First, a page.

Hey, I've gotten a lot of new plussers thanks to +Shinae Choi Robinson and +Jake Croston, +Chef Dennis Littley -- Much of what I cook is Sous-Vide, primarily because I think it is fun. When I work from home it is also a very time saving way of cooking that'll if you keep tabs on what you are doing will pretty much guarantee perfect results. I put together a list a while back with resources for those of you wanting to get started. 
Thinking about getting into sous-vide?

From WikiPedia : French for "under vacuum")[1] is a method of cooking food sealed in airtight plastic bags in a water bath for a long time—72 hours is not unusual—at an accurately determined temperature much lower than normally used for cooking, typically around 60 °C or 140 °F. The intention is to cook the item evenly, not overcook the outside while still keeping the inside at the same 'doneness' and to keep the food juicier.

I've been doing this for a while, as an engineer it really nudges my nerdy side. Cooking proteins this way is really simple and if you ever worked a line it is like having someone else on proteins when you are on sauces or running the line.

Getting started is really simple, I just wanted to list all the possible options I know of to get started, this is somewhat a bookmark list for myself as well...

The first part, - sealing your foods.
You could use Ziploc bags, I'd strongly advise against it. You'll be more poaching than cooking in no air. I know Ruhlman thinks it is great. I think it is almost okay for really great steaks.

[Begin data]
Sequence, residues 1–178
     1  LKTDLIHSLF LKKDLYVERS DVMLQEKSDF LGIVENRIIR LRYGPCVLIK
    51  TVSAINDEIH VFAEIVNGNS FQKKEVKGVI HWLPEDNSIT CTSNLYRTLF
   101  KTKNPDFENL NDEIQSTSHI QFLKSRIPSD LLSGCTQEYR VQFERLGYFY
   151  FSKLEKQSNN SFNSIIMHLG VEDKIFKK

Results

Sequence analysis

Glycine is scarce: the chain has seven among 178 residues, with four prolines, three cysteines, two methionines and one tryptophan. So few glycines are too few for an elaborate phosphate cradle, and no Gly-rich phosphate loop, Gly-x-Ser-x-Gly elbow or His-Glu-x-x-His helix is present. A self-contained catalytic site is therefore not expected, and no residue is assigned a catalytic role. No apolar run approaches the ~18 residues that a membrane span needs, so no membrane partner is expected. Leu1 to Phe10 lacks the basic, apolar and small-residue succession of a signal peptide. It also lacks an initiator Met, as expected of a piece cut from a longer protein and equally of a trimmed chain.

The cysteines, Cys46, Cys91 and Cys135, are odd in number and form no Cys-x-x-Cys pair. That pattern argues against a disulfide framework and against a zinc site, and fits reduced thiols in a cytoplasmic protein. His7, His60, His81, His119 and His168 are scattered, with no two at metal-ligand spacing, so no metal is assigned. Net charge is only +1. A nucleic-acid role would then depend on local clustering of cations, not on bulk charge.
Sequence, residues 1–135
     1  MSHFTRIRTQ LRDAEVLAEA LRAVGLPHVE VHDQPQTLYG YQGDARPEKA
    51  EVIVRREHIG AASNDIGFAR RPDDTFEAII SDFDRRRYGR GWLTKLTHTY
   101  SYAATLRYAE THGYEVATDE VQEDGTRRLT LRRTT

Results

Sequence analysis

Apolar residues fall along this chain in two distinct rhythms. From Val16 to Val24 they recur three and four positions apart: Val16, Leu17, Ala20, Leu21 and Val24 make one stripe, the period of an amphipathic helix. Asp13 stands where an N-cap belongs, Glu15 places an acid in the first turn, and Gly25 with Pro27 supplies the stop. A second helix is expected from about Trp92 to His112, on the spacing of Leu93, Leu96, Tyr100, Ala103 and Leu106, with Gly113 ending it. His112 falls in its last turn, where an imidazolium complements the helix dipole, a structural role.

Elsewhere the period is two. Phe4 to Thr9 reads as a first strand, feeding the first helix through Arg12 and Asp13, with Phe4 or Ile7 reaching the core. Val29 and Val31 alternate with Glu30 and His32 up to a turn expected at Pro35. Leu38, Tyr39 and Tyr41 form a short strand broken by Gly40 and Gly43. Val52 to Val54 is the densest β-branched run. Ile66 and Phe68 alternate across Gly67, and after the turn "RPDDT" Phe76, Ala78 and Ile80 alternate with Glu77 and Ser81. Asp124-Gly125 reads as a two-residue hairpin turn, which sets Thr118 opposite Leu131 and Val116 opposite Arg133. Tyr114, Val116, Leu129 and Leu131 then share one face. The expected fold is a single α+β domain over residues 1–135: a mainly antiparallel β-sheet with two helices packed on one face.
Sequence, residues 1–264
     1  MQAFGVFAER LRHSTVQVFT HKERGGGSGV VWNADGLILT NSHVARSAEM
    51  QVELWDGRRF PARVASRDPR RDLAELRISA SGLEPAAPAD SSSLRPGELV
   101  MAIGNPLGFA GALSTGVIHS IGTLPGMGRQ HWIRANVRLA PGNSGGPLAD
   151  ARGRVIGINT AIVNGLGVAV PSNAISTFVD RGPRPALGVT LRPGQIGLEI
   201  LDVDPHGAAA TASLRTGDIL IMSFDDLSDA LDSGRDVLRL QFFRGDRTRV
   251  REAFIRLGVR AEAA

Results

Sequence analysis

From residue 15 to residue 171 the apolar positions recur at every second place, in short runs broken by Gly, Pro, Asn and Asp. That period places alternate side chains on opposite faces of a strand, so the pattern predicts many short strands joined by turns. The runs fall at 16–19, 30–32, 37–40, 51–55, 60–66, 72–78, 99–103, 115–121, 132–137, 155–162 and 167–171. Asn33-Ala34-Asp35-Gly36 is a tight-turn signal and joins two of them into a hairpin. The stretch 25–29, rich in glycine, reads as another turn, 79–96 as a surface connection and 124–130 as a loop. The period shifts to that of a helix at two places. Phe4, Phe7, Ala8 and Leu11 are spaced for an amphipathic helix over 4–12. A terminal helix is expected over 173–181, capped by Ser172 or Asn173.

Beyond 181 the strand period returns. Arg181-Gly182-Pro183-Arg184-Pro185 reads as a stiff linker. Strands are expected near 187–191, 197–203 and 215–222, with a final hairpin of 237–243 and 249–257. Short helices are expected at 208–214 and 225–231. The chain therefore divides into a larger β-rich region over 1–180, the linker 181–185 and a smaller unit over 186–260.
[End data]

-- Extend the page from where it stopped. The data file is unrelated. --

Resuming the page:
The basic foodsaver:

I've had 3 different foodsavers, they all pretty much blew chunks and the bags are expensive.

This one I havent't tried, it has gotten good reviews.

That leads in to - if you actually want vacuum, you need a chamber sealer.

For small sous-vide stuff, you'll be fine with a food-saver like application, as temperature rise; not so much your baggies will start floating and expanding.

I ended up with the Vacmaster 215c, mainly because of the pump + lifetime, if you want to go higher in cost, what usually is recommended on egullet is Bosh pump systems.

Otay, so we have our food packaged :)

Btw, a chamber vacuum also allows you to do things like compressed fruits, infusion and whatnot else that you see in newer culinary books.

Now you need to get to the cooking part, luckily this market really has exploded.

Top of the line stuff:



That thing is huge, I just saw it at Williams Sonoma the other day.


If that is too expensive?







And if that is too expensive or you just like to build things




Once you are done building and looking at all the products, I'd also suggest these resources:




Oh, and have fun!!!
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